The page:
To understand the rest of this article, first stop, we need to understand what Scrum is. In a nutshell, Scrum is now one of the most popular frameworks that are used in software development. The framework helps people address large, complex, adaptive projects into small deliverable phases. There are some key artifacts in Scrum.
- Sprint: a fixed time-bound for each deliverable phase, normally one sprint would be 2 working weeks.
- User story: an informal, general explanation of a software feature written format from the perspective of the end-user. Its purpose is to articulate how a software feature will provide value to the customer.
- Story point: an estimation method that helps developers to estimate their work faster and still in an acceptable range of accuracy by comparing the amount of similar work between the past (already associated with a story point) and upcoming work. For example, if work A takes 2 story points in the past and work B is very similar to work A, then it is likely that work B also takes 2 story points.
- Velocity: the total story points that the entire Scrum team has burned within a sprint.
- Scrum rituals: multiple meetings rituals including daily standup, backlog refinement, sprint planning, feature showcase, retrospective.
- Product Owner: a person who prioritizes what items should be worked on first that can help maximize business value.
- Scrum Master: a person who is responsible for ensuring the team lives agile values and principles and follows the processes and practices that the team agreed they would use.
- Team of Expert (aka Scrum team): made up of individuals who directly contribute to designing, building, and testing features.
The one key element
With the basic understanding of how Scrum works in mind, now it is time for us to discuss why the Scrum framework shouldn’t be the bible for all projects and cases. I have seen many companies that worship the Scrum framework to the point that they force all things in the Scrum box and ignore the fact that sometimes Scrum doesn’t work in that case, but putting stress and pressure on the team.
The one prerequisite for Scrum to work well is people. When I mention people, I am not just talking about people in the Scrum team, I am also talking about investors, executives, customers, prospects, and partners, etc…
There are many cases, investors and executives want us to double revenue which means we would need to acquire more big customers. Most of the time, it also means that we would need to build integration, customize features for those prospects to increase the conversion rate. If that is the case, the Scrum process won’t work. People would require to have a clear understanding of requirements, do a lot of investigation work beforehand for more accurate estimation since it has a deadline most time. The estimation must be calculated in days or even hours depending on how urgent we need to ship a feature.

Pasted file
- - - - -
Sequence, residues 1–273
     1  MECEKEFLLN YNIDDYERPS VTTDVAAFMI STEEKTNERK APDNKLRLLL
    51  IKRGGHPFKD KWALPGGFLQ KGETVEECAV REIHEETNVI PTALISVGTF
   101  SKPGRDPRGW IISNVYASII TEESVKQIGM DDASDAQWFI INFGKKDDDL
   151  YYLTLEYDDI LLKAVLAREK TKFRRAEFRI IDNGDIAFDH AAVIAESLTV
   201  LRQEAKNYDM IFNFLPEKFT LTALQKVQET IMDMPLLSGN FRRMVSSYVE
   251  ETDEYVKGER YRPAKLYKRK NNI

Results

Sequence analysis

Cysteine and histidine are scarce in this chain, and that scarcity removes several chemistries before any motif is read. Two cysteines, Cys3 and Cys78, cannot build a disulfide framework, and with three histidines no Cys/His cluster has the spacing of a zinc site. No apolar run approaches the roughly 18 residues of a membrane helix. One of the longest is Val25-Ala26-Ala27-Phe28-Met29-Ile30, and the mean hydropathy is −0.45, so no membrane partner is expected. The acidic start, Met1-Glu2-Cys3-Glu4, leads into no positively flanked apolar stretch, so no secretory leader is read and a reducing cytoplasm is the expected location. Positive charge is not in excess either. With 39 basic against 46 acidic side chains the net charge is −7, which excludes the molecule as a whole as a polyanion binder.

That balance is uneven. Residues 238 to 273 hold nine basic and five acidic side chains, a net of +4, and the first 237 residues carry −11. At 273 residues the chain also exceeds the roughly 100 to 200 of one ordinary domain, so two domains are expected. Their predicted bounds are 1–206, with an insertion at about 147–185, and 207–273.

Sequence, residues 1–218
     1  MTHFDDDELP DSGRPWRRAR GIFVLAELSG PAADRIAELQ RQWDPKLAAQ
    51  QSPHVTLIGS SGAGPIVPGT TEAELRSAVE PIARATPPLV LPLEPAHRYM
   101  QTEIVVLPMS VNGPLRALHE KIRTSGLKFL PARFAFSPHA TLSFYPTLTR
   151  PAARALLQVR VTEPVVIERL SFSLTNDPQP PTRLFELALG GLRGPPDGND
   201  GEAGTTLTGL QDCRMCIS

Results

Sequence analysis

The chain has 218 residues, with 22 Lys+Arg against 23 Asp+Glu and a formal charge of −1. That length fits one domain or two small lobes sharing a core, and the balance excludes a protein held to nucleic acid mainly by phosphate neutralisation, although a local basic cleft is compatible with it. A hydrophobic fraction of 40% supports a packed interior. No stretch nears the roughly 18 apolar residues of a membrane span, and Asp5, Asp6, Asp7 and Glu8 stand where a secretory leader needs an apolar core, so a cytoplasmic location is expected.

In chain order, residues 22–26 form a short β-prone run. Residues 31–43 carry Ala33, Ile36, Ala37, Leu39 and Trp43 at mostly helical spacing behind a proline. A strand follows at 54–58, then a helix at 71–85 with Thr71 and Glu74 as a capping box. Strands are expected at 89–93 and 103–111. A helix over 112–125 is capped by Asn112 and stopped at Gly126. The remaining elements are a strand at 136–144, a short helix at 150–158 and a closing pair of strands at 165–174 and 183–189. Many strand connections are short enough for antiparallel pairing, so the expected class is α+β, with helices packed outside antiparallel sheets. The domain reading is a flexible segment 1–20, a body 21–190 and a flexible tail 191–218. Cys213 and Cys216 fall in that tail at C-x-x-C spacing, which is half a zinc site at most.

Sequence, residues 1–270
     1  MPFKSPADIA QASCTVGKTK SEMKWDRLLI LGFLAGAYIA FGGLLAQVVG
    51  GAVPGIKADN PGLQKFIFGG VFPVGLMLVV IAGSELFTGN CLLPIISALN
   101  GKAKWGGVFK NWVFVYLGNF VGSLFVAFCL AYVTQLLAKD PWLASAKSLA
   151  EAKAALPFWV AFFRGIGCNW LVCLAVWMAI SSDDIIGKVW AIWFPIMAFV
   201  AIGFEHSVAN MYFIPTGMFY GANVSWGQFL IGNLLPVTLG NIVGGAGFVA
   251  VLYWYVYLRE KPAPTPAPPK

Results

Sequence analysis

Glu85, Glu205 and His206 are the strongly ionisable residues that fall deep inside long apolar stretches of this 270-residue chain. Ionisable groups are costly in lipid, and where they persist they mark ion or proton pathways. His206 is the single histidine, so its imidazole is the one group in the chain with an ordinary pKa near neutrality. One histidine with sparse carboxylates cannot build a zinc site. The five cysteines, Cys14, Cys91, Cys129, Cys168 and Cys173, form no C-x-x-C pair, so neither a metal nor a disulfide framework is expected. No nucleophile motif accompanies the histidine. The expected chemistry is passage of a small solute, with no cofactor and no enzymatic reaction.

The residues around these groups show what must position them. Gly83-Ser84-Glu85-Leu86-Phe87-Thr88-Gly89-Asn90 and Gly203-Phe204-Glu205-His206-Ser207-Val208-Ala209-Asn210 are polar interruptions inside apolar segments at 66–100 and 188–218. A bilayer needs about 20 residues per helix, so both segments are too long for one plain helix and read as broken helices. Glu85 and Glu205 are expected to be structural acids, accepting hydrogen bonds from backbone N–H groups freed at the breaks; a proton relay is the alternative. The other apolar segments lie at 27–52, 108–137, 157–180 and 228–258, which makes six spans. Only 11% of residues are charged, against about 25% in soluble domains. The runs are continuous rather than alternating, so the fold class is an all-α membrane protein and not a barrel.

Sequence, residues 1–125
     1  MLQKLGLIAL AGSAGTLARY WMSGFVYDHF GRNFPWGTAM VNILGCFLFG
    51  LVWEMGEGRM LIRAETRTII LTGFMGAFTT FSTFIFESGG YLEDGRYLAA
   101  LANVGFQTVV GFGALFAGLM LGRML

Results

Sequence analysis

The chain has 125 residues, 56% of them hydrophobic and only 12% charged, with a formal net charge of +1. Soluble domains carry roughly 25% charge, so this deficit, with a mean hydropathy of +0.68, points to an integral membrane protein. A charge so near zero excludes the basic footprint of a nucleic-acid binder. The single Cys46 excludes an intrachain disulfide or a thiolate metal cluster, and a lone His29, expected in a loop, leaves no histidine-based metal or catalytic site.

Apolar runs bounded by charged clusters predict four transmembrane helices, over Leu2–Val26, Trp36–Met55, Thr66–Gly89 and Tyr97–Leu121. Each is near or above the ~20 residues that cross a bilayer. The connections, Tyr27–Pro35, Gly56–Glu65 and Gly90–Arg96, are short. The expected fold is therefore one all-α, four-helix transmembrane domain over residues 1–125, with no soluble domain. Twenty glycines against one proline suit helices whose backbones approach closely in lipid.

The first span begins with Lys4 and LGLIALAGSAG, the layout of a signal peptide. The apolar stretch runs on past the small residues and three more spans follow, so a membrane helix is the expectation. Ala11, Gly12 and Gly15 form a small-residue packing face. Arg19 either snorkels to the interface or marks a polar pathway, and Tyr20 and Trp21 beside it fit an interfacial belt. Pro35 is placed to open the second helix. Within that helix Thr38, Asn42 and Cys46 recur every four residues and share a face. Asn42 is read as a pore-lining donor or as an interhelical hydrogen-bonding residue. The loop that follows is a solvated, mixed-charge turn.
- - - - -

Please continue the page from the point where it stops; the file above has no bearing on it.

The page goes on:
Scrum requires people to be self-managed and proactive. In reality, we would be lucky if we have two people who can self-manage, given a scrum team of seven people. Developing and growing human capital would take time, it is a long-term process if a company is willing to invest in us. So when people can’t self-manage well, who would be the one to ensure work progress is going well so that the company could make money to operate? Well, that is when we would need to have someone playing a role as in Project Manager or Delivery Manager. This role doesn’t exist in Scrum and so that is another drawback in applying Scrum for all.
We are building whole heaps of foundations in a short period, things that we know 100% how important it is for customers. Unfortunately, the original technical design foundation couldn’t adapt to a large user base, also multiple complex use cases. In this situation, spending a lot of time, effort on new product ideas contribution isn’t that valuable as compared to spending more time on thinking and planning what the technical design should be for long-term growth. In this case, the majority of the time will be for the tech lead or architect and tech team to brainstorm and plan, there would be no tangible values for executives to look at or experience during that time. And like I mentioned, if the planning is not allowed as actual work during a sprint, then we need a different approach right ? for example, one of the ways we could do is put one team member aside to own the tech design beforehand, while everyone else in scrum team would continue delivering other tangible features or functionalities. Then once the design is ready, the team can do the planning, breaking down work following the Scrum.
The 3 key principles
I can list out many other situations regardless of this, but these are the 3 most common ones I have seen. With that being said, there is a solution for all problems, but for sure, it won’t be in a pure, and primitive Scrum framework. For this case, it would require people to have an open mindset to create hybrid frameworks that would work well in each situation.
That would require 3 following principles:
- Set up a dynamic Jira board that can adapt to many situations and frameworks
- Be completely transparent to Scrum team about the hybrid frameworks and how it works. Also, most importantly, we provide them why and timeframe to apply the framework. We don’t want to have people thinking that the framework would last forever.
- Have a clear communication plan to make sure all stakeholders are on the same page as each situation comes up.
These 3 principles seem simple, but very hard to master as it requires an open and adaptive mindset from all sides of the business. And I believe that once we do, our work progress will go so much smoother with no confusion or assumptions, or frustration from any side.